Promoter of Justice Gian Pietro Milano said the funds (some $2.1 million) were part of a total of around 13 million euros frozen between 2013 and 2016.
Last year the Holy See's financial watchdog, the Financial Information Authority (AIF), said it had closed nearly 5,000 suspect accounts as part of a three-year examination of the once murky Vatican bank.
The Institute of Religious Works (IOR), as the bank is known, became notorious around the world because of a 1980s scandal centred on the death of banker Roberto Calvi, whose corpse was discovered hanging under Blackfriars bridge in London.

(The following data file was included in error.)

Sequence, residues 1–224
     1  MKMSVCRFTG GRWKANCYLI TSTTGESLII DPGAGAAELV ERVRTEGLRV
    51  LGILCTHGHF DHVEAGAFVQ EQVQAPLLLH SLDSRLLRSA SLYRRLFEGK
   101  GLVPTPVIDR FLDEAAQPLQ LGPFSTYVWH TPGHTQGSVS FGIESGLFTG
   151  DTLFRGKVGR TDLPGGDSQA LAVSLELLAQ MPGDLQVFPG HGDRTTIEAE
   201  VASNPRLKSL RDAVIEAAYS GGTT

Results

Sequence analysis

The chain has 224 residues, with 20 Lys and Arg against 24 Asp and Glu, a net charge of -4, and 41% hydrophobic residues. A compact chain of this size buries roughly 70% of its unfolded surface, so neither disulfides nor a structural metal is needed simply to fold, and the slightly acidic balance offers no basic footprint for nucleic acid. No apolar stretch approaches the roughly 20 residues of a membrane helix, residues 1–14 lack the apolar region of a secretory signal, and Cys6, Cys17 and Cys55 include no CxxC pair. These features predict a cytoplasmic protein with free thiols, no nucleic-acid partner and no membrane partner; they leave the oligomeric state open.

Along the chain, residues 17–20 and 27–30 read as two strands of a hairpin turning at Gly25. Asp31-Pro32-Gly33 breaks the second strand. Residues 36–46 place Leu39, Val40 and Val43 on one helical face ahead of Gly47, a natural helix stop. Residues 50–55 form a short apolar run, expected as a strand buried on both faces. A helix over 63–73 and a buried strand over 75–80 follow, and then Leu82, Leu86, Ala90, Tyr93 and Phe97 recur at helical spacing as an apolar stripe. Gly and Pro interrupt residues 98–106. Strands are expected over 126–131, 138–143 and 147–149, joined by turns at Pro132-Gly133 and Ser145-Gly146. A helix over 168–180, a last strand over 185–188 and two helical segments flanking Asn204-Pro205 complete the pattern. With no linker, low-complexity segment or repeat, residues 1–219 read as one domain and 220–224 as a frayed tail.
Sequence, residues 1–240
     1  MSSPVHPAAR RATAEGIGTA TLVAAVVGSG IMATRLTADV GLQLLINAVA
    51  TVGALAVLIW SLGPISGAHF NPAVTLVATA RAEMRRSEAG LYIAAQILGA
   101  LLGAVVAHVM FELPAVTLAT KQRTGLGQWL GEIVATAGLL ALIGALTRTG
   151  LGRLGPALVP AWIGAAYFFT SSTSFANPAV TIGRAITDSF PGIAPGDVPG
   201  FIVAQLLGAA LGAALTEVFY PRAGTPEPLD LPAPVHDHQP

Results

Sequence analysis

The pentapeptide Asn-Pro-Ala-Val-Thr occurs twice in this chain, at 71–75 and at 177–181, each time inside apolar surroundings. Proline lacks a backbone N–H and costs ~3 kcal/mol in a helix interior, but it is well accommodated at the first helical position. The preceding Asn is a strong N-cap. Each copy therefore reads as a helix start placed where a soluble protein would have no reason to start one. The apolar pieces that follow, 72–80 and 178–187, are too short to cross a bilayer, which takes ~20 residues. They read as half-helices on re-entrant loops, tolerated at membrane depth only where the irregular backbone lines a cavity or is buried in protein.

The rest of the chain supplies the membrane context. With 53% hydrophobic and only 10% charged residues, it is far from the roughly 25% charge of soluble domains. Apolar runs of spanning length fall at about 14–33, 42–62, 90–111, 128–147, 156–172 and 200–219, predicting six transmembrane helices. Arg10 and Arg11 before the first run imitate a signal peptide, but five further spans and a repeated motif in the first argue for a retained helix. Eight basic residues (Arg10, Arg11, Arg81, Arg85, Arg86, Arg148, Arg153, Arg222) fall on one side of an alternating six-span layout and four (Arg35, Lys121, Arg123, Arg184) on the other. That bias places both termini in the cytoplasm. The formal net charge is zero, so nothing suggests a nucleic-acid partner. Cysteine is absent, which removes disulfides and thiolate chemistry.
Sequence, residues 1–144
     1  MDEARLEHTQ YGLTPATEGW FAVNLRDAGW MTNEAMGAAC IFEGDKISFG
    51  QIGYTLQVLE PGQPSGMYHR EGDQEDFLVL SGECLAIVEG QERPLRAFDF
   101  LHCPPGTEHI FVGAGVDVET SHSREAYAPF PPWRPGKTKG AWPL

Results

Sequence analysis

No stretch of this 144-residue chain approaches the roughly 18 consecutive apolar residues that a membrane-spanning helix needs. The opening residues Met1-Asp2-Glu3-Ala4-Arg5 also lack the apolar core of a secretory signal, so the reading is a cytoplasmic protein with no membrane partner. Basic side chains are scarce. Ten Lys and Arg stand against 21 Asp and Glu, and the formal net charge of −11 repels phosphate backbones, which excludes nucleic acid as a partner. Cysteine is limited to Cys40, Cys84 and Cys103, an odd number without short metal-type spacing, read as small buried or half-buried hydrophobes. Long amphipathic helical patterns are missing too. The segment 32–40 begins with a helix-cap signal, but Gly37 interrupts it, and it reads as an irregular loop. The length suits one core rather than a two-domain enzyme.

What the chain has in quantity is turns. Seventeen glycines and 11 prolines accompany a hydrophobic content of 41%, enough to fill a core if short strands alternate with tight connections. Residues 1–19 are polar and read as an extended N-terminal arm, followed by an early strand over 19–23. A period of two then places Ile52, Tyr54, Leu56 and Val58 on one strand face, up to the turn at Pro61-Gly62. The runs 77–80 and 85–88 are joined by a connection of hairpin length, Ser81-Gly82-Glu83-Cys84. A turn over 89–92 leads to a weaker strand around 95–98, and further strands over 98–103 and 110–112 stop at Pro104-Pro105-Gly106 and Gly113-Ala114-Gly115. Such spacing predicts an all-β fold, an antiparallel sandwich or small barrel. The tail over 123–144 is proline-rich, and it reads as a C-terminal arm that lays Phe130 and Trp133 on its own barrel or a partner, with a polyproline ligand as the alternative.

The AIF was established in 2010 by now-retired Pope Benedict XVI to bring the Vatican's financial institutions into line with international standards designed to reduce the risk of accounts being used for nefarious purposes.
Francis boosted the AIF's power after his election in 2013.
The Vatican had also signed up for external evaluation by Moneyval, a European body that combats money laundering and the financing of terrorism.
Moneyval reported in 2015 that the Vatican had addressed most of itsstructural weaknesses.
But it also questioned why no indictments or prosecutions had ensued as a result of the evidence of wrongdoing gathered and handed to prosecutors.
Milano said 23 cases of suspected financial crimes had been flagged up by the AIF between 2012 and 2016.
Six had since been dismissed, while 17 were still being investigated.